Namibia, located in southern Africa, is a middle income country, well known for its rich biodiversity and abundant mineral reserves. Namibia is blessed with a number of minerals. the major ones being uranium, diamond, cobalt, nickel, iron and precious and semi-precious stones. In Husab and Rössing, Namibia houses the world’s largest uranium mines. Namibia also has the richest marine diamond deposits in the world, with an estimated resource potential of over 1.5 billion carats.
The mining sector is one of the most regulated one in the country, a fact clear from the exhaustive and comprehensive list of mining and environmentrelated acts and regulations. The Mining Act, enacted in 1992, is the centrepiece legislation governing the sector. Subsequently, the Environment Management Act of 2007 and the Environmental Impact Assessment Regulation of 2012 were enacted for environmental management. Both the acts and the regulation broadly cover the environmental aspects of the mining sector.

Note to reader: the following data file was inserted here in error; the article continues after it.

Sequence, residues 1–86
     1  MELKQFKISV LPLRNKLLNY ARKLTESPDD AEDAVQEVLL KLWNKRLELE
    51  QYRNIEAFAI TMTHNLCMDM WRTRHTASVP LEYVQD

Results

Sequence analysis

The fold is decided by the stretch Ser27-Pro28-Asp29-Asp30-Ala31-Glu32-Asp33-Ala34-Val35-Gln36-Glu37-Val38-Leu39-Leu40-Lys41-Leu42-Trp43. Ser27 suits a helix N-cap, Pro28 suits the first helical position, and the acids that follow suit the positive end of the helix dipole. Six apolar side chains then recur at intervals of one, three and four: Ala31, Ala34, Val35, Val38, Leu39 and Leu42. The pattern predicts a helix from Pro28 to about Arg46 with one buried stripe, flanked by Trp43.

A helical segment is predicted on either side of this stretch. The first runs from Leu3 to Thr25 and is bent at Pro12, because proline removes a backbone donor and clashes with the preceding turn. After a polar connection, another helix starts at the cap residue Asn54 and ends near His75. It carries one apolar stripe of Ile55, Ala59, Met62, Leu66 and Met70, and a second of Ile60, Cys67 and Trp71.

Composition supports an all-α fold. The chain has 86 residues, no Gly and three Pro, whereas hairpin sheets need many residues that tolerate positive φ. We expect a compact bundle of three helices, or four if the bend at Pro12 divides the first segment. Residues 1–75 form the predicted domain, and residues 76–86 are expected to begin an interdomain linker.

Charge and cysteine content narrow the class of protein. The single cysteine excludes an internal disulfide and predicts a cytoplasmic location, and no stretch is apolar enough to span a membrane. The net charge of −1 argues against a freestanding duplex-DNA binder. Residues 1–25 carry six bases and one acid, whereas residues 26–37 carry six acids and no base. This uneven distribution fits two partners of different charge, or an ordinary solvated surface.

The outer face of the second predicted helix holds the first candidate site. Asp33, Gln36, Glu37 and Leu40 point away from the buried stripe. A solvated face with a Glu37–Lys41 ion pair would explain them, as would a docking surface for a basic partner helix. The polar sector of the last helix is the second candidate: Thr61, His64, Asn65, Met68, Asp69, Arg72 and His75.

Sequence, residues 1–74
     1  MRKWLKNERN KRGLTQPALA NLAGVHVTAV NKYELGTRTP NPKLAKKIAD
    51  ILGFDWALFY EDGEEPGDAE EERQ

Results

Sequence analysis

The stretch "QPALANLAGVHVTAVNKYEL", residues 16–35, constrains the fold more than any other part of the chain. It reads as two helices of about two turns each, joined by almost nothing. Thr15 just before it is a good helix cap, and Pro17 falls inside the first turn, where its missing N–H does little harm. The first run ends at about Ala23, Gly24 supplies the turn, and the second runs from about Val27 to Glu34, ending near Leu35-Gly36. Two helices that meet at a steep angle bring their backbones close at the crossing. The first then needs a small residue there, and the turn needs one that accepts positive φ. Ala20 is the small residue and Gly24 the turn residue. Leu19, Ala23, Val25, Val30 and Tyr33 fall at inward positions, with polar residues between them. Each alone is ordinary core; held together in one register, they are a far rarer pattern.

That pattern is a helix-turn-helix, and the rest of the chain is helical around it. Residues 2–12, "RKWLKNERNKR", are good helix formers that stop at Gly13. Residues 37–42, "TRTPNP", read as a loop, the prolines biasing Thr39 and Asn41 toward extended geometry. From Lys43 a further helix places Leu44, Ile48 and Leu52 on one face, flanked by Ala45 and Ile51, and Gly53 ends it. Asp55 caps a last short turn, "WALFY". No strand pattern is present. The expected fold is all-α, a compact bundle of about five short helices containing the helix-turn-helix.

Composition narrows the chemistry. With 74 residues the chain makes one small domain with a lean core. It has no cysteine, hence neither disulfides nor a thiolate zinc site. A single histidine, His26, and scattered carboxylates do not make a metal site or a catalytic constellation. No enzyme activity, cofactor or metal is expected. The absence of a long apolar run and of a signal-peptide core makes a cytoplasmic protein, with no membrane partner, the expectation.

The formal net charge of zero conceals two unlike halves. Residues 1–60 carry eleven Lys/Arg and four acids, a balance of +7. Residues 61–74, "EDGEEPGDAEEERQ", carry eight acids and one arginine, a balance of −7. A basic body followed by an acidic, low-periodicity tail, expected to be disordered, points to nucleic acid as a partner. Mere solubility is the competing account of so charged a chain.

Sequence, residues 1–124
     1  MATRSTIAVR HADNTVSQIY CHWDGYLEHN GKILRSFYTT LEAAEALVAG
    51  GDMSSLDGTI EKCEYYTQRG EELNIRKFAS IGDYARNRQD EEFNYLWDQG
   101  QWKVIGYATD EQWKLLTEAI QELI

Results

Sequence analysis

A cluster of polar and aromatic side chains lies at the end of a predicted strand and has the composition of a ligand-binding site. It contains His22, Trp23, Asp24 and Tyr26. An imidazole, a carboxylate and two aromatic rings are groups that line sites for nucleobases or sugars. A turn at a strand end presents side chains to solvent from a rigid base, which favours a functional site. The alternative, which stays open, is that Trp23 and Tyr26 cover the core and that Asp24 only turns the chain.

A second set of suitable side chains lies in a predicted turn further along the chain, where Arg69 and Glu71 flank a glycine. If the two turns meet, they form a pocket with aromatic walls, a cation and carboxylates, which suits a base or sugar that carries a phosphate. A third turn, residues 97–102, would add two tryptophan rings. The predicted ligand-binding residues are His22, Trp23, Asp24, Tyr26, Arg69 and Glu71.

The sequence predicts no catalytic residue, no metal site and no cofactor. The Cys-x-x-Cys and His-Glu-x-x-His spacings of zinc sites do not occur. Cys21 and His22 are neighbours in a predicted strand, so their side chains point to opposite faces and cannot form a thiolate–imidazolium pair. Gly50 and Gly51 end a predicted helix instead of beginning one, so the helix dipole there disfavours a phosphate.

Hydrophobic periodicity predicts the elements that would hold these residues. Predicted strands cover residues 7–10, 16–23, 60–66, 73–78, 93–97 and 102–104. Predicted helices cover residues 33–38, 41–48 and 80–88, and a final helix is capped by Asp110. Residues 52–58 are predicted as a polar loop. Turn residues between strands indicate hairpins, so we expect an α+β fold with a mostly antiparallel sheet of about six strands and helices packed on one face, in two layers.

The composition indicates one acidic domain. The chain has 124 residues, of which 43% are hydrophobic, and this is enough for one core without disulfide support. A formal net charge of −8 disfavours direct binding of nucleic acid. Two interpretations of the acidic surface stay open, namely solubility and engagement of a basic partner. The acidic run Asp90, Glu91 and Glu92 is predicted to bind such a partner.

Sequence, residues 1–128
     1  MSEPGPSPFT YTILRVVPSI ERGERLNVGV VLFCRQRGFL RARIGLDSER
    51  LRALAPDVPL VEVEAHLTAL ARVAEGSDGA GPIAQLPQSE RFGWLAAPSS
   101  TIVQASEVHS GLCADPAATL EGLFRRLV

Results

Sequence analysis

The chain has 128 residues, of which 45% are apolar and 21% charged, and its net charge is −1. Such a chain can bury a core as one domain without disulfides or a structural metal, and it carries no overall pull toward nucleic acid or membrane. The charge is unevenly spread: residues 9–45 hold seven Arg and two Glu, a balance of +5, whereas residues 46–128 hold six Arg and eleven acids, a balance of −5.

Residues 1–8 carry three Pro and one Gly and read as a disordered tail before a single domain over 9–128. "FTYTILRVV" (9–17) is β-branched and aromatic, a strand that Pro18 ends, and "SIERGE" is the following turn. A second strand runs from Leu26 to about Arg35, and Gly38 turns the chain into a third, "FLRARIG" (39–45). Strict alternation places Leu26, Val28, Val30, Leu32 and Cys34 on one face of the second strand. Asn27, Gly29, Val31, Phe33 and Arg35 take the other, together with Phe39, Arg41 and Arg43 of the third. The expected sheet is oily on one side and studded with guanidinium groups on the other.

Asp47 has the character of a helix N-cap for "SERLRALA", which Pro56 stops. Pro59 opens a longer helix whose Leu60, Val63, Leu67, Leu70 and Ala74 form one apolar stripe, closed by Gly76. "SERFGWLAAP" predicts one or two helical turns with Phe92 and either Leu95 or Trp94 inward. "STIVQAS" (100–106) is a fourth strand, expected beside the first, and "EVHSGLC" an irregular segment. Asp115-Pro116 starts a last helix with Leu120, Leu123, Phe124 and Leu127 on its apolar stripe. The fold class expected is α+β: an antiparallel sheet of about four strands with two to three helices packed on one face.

Namibia’s mining laws and regulations are predominantly industry-centric and focussed on boosting investment in the sector. Aspects like benefit sharing, corporate social responsibility, strengthening of local content plans, and insurance against damage to environment and the community are under consideration to make mining policies environmentally and socially responsible. Further, the implementation of policies requires strengthening of institutional capacity through proper guidelines, manuals, and standard operating procedures (SOPs) for ensuring effective enforcement and compliance.